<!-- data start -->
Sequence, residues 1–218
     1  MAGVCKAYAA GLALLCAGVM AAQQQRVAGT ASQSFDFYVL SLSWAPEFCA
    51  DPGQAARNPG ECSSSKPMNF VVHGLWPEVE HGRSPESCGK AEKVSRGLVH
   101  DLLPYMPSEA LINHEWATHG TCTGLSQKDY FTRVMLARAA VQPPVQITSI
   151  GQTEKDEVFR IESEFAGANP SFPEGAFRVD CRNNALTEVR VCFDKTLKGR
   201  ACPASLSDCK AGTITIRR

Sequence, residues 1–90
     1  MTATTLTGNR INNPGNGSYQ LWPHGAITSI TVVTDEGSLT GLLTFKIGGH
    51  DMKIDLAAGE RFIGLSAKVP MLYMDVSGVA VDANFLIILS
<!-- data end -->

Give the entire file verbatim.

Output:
Sequence, residues 1–218
     1  MAGVCKAYAA GLALLCAGVM AAQQQRVAGT ASQSFDFYVL SLSWAPEFCA
    51  DPGQAARNPG ECSSSKPMNF VVHGLWPEVE HGRSPESCGK AEKVSRGLVH
   101  DLLPYMPSEA LINHEWATHG TCTGLSQKDY FTRVMLARAA VQPPVQITSI
   151  GQTEKDEVFR IESEFAGANP SFPEGAFRVD CRNNALTEVR VCFDKTLKGR
   201  ACPASLSDCK AGTITIRR

Sequence, residues 1–90
     1  MTATTLTGNR INNPGNGSYQ LWPHGAITSI TVVTDEGSLT GLLTFKIGGH
    51  DMKIDLAAGE RFIGLSAKVP MLYMDVSGVA VDANFLIILS